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California and the West

Group to Add $1 Million to Boxer Campaign

Finances: EMILY's List helps raise donations in unprecedented effort by PAC. Senator says she is not beholden to group.

October 26, 1998|ERIC LICHTBLAU | TIMES STAFF WRITER

Among the millions of dollars poured into Sen. Barbara Boxer's reelection campaign by lawyers, unions, Hollywood moguls and business people, the $5,000 check this spring from a Washington, D.C., abortion-rights group was negligible.

It was the only direct contribution that EMILY's List, founded to promote women's issues and candidates, has given to Boxer. And the group is prohibited by federal law from donating much more than that to the senator's campaign.

But behind the scenes, the group has become the key financial cog in Boxer's down-to-the-wire campaign against Republican Matt Fong and is well on its way toward raising an unprecedented $1 million for Boxer--largely through a practice known as "bundling."

Intent on solidifying recent political gains by women, EMILY's List has sent out hundreds of thousands of political mailers around the country, collected mail-in contributions and passed them en masse to candidates who support abortion rights and women's issues.

Campaign-reform activists have sought unsuccessfully to ban bundling, arguing that it gives the bundlers too much influence over the politicians and allows them to skirt limits on contributions.

"It's a classic problem. You risk having the officeholder become beholden to the group that's accumulating all this money," said Craig Holman, project director at the Center for Governmental Studies, a private think tank in Los Angeles.

Holman was an author of Proposition 208, a 1996 initiative that, among other restrictions, forbade the bundling of contributions in state campaigns. After a brief implementation, the measure was struck down in federal court and is now on appeal.

A similar ban was discussed at the federal level as part of campaign reform proposals in recent years but ultimately died under pressure from groups such as EMILY's List.

Boxer was not disappointed. Asked where her campaign would be without the support of EMILY's List, the senator said with a laugh: "A million dollars poorer. They have been phenomenal."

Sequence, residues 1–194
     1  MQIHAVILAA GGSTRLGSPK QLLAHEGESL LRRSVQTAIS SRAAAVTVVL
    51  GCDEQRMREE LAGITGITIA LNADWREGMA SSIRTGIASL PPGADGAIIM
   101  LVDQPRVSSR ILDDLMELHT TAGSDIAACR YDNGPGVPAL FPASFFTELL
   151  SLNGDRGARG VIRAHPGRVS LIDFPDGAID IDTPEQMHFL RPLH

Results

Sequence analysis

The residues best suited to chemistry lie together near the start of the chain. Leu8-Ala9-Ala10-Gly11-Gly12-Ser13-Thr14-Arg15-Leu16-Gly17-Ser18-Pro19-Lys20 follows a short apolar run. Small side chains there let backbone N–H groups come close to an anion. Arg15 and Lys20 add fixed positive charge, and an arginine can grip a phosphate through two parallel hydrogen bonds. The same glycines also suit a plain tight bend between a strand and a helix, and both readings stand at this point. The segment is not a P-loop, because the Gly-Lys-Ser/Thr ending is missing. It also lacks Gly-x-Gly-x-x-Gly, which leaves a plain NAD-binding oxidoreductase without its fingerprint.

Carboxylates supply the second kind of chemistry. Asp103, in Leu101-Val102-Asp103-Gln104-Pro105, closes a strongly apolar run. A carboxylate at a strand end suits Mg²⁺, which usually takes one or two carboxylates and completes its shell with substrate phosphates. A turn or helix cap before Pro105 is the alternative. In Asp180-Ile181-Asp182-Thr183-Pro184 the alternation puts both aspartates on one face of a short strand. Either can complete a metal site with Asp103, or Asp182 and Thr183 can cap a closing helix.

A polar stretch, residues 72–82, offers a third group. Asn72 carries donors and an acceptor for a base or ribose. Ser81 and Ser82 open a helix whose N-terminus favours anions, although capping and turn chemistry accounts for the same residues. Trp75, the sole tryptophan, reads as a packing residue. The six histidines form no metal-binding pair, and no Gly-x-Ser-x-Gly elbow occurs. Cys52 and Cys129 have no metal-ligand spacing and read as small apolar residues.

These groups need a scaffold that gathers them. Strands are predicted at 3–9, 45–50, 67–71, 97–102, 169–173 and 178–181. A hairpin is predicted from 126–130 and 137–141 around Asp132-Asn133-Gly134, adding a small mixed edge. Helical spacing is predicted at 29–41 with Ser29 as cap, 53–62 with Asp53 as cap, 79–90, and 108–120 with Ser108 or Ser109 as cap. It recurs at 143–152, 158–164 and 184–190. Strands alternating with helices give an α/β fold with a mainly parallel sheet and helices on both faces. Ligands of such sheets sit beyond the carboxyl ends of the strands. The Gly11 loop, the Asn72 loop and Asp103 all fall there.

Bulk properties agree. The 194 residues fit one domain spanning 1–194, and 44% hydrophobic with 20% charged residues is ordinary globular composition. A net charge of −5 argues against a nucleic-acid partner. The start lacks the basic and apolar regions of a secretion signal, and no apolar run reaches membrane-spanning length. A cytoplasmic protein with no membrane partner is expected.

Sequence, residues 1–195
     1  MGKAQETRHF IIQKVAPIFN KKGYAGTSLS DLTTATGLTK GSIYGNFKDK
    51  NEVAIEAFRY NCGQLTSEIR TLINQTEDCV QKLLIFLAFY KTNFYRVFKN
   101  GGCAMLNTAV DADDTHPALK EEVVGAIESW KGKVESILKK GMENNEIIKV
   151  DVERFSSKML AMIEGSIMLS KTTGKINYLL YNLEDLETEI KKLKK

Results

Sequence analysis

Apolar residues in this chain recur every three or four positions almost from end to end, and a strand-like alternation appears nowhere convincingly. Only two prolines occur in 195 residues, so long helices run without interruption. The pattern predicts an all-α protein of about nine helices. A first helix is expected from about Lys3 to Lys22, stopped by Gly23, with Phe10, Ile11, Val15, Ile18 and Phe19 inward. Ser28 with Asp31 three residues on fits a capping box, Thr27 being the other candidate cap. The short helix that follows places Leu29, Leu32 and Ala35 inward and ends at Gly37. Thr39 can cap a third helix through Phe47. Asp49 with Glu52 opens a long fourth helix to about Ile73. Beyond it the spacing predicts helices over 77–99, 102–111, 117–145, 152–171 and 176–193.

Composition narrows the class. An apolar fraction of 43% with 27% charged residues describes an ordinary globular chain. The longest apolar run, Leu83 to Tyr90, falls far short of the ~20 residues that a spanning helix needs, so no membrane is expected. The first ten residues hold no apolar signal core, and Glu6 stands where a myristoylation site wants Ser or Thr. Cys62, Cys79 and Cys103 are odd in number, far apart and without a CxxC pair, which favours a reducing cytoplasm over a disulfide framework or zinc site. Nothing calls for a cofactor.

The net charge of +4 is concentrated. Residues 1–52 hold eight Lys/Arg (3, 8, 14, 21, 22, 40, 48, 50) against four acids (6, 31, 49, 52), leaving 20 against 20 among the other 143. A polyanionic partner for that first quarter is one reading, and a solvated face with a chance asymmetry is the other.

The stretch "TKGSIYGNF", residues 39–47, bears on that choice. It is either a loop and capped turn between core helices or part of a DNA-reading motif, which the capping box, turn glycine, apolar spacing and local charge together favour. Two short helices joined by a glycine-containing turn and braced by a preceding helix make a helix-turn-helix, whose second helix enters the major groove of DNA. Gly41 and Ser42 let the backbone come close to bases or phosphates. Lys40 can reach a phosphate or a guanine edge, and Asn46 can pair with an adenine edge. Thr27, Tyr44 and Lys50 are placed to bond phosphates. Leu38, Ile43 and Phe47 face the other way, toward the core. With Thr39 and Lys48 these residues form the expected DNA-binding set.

Her campaign manager, Rose Kapolczynski, is even more blunt, crediting the group for helping elect Boxer in 1992. "She might not even be in the Senate without EMILY's List," the aide said.

Boxer, buoyed by her status as an incumbent, had already raised more money by October than she had during her entire 1992 run for the Senate. Her $13 million, compared with Fong's $8.8 million, has allowed her to air a series of hard-hitting commercials, and she has regained a narrow edge in recent polling.

Relying heavily on direct-mail solicitations and telemarketing, Boxer will raise up to $15 million by the Nov. 3 election, aides say, promising to make this one of the most expensive Senate races in history.

EMILY's List, an acronym that stands for "Early Money Is Like Yeast (it makes the dough rise)," was founded in 1985 by IBM heiress Ellen Malcolm.

With a war chest of $5.7 million for this election, the group boasts that it is now collecting and disbursing more in donations than any other political action committee.

It has sent out several dozen political mailers to 45,000 potential donors, pushing particularly hard this year for Boxer and two other Democratic senators facing tough reelections--Carol Moseley-Braun of Illinois and Patty Murray of Washington.

One recent EMILY's List mailer--headlined "Pro-Choice Democratic Women Candidates Urgently Need Our Support!"--led off with a photo of Boxer and a synopsis of her Senate race. "Make your check payable to Boxer for Senate," it implored.

Boxer's filings list only one contribution from the group--a $5,000 gift representing half the maximum that political action committees are allowed to give under federal law. But through the money it passes on, the group will likely raise more for Boxer than for any other candidate, said EMILY's List spokeswoman Stephanie Cohen. At last count, the group had raised $737,000 and expects to top $1 million from 10,000 donors, according to the committee's officials and the Boxer campaign.

EMILY's List feted Boxer and other Bay Area politicians last week at a raucous fund-raiser in San Francisco, complete with conga dancing and talk of record-setting donation levels. "We are not going to let the right wing defeat Barbara Boxer!" Malcolm, the group's president, told a roaring crowd.

"Barbara Boxer has become a poster child for EMILY's List," said Larry Makinson, executive director of the Center for Responsive Politics in Washington, D.C., a nonpartisan think tank that analyzes campaign data.

A million dollars is an unheard of sum to be bundled by a political action committee for a single candidate, campaign finance experts said.

"Yes, you're allowed to do it," said Makinson at the Center for Responsive Politics. "But . . . you don't want so much money going to a candidate from any one group that they feel beholden to them. EMILY's List goes way over that limit, so does this follow the spirit of the law? No, it doesn't in my opinion."

Contributions Reflect Women Voters

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